Wade finds clues in old 1980s breakfast cereal commercials, original Dungeons & Dragons modules, text adventure games, and Rush lyrics. It’s an adequate nerdgasm. Wade’s avatar, Parzival, also levels up satsifyingly. At the beginning of the book, Wade and his avatar are total wimps, but Cline expertly paces the adventure to feel like Wade really did get strong enough to win. This is a fluffy genre book, but a fun one. There’s no reason not to read it if that’s what you want to read at the moment–but it’s not Kim Stanley Robinson or something. I recommend Ready Player One if you want to relive playing an MMORPG but don’t want to actually spend the time playing one. Or if you have a long flight and crave candy entertainment.

The Miniature Wife

a good short story collection

I picked up Manuel Gonzales The Miniature Wife because my local bookstore (City Lit) compared it favorable to George Saunders. I agree, most of these stories are funny satires digestible in one sitting, but I felt a lot of Borges and Kafka in reading–an ethereal weirdness radiating from them. Gonzales showcases 18 stories ranging from fable-esque absurdities, subversions of action-packed genre forms, and musings on art through unconventional form.

The first three stories in the collection are the best; they take banal slices of life and heighten them to outrageous absurdity. “Pilot, Copilot, Writer” is about a plane that refuses to land, circling the tarmac of Dallas/Fort Worth, Texas literally forever. The plane has magic food that keep the passengers alive for fifty years, flying with perpetual fuel. It might be about inaction caused by fear, or maybe it’s about 9/11. Perhaps it’s merely horrifying. The second story, “The Miniature Wife,” is about a scientist who shrinks his wife to the size of a small action figure (think, original Star Wars size). While he attempts to build her a beautiful dollhouse, the tiny wife quickly loses touch with humanity and becomes something different. Something angry.  “The Sounds of Early Morning” is the most formally challenging story in the collection, endlessly rewarding on re-reads. It imagines a world where sounds are fatal depending on their volume. Gonzales manages to sublimely subvert a sensory perception. A later story in the book, “All of Me” is reminiscent of these gems. Two people fall in love and start an amateur veterinary hospital in a condemned home. These five stories were my favorite, feeling familiar in emotions to favorite writers, but strange and new in writing. I suspect they’re the most recently written stories in the collection.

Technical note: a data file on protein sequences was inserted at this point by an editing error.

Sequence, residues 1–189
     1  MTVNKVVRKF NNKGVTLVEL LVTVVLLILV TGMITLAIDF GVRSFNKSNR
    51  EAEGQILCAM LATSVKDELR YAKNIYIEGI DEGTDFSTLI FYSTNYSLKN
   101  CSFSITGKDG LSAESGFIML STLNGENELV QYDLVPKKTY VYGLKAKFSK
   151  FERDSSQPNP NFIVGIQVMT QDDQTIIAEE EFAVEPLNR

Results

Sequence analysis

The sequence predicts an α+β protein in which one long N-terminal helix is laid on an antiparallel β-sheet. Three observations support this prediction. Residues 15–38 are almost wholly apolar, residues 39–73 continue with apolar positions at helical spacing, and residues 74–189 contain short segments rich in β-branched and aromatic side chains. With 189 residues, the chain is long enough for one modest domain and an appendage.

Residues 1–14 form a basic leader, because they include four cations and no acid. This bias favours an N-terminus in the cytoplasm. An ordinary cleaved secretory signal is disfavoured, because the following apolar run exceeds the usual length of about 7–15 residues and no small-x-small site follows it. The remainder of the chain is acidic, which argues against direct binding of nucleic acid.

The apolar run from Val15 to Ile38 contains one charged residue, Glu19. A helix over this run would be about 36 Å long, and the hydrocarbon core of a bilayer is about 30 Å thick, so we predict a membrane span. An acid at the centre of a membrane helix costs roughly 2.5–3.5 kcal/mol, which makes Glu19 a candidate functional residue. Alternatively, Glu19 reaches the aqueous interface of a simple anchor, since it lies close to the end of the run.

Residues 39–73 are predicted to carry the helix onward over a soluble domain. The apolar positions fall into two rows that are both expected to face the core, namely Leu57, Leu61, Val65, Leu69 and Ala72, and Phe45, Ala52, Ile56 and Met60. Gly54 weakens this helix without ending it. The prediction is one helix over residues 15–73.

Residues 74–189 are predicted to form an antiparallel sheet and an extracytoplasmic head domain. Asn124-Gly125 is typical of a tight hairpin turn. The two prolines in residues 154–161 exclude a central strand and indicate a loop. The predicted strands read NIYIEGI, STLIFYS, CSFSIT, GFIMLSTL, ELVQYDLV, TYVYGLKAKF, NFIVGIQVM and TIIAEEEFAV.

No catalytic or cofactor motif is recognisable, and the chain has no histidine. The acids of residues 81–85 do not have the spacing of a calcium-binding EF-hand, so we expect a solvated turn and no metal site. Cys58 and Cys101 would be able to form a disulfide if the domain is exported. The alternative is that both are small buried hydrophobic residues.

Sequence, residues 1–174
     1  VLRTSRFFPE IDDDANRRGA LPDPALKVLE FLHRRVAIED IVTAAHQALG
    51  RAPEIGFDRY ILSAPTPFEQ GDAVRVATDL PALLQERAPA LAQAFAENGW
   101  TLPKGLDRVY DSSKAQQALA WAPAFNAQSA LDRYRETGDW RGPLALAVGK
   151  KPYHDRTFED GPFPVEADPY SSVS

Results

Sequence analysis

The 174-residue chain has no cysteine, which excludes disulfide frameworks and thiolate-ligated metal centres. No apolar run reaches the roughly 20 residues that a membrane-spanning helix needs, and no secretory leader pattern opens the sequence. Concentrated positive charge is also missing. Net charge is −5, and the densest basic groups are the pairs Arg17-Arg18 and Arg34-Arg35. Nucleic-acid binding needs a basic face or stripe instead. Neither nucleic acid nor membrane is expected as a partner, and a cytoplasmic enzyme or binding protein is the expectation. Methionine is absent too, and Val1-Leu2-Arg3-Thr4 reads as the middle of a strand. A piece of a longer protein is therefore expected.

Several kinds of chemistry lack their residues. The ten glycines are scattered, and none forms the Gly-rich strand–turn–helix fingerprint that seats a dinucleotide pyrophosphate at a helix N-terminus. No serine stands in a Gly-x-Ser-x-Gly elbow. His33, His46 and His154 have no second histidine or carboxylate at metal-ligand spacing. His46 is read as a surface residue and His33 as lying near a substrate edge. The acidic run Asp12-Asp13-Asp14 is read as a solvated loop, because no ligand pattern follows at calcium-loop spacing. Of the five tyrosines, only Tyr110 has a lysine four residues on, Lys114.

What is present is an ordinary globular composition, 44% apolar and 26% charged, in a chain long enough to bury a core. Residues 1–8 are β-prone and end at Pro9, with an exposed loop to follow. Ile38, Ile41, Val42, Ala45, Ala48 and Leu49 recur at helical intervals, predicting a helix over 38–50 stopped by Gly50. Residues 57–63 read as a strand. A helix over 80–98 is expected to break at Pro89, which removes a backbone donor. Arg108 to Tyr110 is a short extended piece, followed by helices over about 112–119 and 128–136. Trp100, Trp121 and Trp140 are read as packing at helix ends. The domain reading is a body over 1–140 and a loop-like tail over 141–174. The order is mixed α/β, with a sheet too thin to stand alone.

There’s also a series of clever genre twist stories, which are fine. Two zombie stories manage to inject new life in the convention (pun intentional). “All of Me” explores a zombie who wears makeup and longs for love, while “Escape from the Mall” re-imagines the nameless-character who usually dies right away in the zombie movie. “Wolf!” is an interesting story about family abuse juxtaposed with werewolves. “Life on Capra II” reveals the inner-monologue of a video-game, space marine forced to massacre for infinity. “Cash to a Killing” is flash-fiction comedy-noir that reminds me of Elmore Leonard. “One Horned & Wild Eyed” was a weird tragi-comedy about a poor, rural family that buys a captivating unicorn, like a Raymond Carver story about a really depressing unicorn.